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Low-level Laser Therapy (LLLT)

Laser therapy is one of the techniques we offer as part of our integrated treatment approach for pain relief, here in our Dublin based Physiotherapy clinic.

Laser therapy is a treatment technique which promotes cellular function by the process of photo-biostimulation. A specific, light-emitting device is applied to the pain area for the purpose of decreasing inflammation, relieving muscles cramps and trigger points as well as a number of other conditions noted below.


The use of low-level laser therapy for musculoskeletal pain is a non-invasive and safe modality.

Benefits of low-level laser therapy

  • Pain relief
  • Decreases muscle spasm
  • Increases cell regeneration, healing and repair
  • Decreases inflammation

If you are interested in receiving low-level laser therapy treatment in our clinic please mention this at the time of booking your appointment.

The History of low-level laser therapy

Not long after the first working laser was invented this light-emitting technology was experimented on skin cancer in a Budapest university. It was during these experiments that laser therapy’s influence on cellular function was first noted.

Evidence for the use of low-level laser therapy for pain relief

  • Despite a lack of consensus over its ideal use, specific test and protocols for LLLT suggest it is effective in relieving short-term pain for
  • rheumatoid arthritis, (Brosseau, L et al, 2005)
  • osteoarthritis (Jamtvedt, G et al, 2007)
  • acute and chronic neck pain (Chow et al, 2007)
  • tendinopathy (Bjordal et al, 2008, Tumilty, S et al, 2010)
  • possibly chronic joint disorders. (Bjordal et al, 2005)
  • The evidence for LLLT being useful in the treatment of low back pain, dentistry and wound healing is open to interpretation (Da Silva et al, 2010)
  • A Cochrane Library review concluded that LLLT has insufficient evidence for treatment of nonspecific low back pain (Yousefi-Nooraie, R, 2008) a finding echoed in a later review of treatments for chronic low back pain (Middelkoop, M et al, 2010)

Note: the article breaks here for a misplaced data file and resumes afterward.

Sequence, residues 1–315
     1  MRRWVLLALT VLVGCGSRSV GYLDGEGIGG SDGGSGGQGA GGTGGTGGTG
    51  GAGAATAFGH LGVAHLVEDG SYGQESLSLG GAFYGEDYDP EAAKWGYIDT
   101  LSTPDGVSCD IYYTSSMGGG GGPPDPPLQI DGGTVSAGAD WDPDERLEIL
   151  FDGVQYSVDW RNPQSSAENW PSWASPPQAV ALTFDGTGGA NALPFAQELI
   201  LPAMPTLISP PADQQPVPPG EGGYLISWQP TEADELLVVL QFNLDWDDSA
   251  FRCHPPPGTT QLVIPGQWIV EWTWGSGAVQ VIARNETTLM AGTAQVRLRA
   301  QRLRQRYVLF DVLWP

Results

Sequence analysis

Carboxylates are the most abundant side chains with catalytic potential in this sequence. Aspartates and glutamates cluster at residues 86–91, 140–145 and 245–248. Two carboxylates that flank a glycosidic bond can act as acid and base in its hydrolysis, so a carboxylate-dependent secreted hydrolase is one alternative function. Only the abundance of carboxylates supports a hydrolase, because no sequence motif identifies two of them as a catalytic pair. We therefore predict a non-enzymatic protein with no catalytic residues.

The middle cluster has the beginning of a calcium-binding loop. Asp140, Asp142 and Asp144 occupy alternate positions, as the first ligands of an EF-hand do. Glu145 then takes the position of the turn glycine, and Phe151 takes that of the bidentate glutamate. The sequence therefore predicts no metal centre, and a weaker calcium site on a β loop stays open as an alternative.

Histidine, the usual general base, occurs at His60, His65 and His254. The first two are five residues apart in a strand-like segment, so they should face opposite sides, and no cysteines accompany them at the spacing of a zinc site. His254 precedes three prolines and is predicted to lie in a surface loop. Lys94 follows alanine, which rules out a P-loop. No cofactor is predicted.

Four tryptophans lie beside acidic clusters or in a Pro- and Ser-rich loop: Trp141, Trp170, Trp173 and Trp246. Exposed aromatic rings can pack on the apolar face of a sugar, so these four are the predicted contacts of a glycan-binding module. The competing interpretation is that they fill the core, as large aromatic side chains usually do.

• Trigger Points/ myofascial pain (Hakgüder, Aral, et al, 2003,Gur, A, et al 2004)

The mechanisms/ effects of low-level laser therapy

  • It is unclear how LLLT works
  • LLLT may reduce pain related to inflammation by lowering, in a dose-dependent manner, levels of inflammatory mediators e.g. prostaglandin E2, interleukin 1-beta, tumor necrosis factor-alpha
  • Another mechanism may be related to stimulation of mitochondria to increase the production of adenosine triphosphate (ATP) affecting intracellular homeostasis or the proliferation of cells (Tafue et al, 2008)
  • ATP when broken down to adenosine also has mild anti-nociceptive and vasodilatory effects (Lundeberg)
  • Improves repair with stimulatory effects on collagen through fibroblast and collagen fibre production (Bjordal et al, 2006, 2008)
  • Anti-inflammatory effects at higher doses (7.5J/cm2) healing and repair effects at lower doses (2J/cm2) (Bjordal et al, 2006, 2008)
  • Effects are dose dependant
  • Effects negated by local steroid injections (Lopes-Martins et al, 2006)

by Simon.

Lorraine Carroll Physiotherapy 

Suite 2, 24-26 Gloucester Road, Buderim 4556, Queensland, Australia

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Lorraine Carroll
MPhty (Manips), BPhysio, CMA

Titled Musculoskeletal Physiotherapist

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ABN: 42657873973 

Provider Number: 6261532J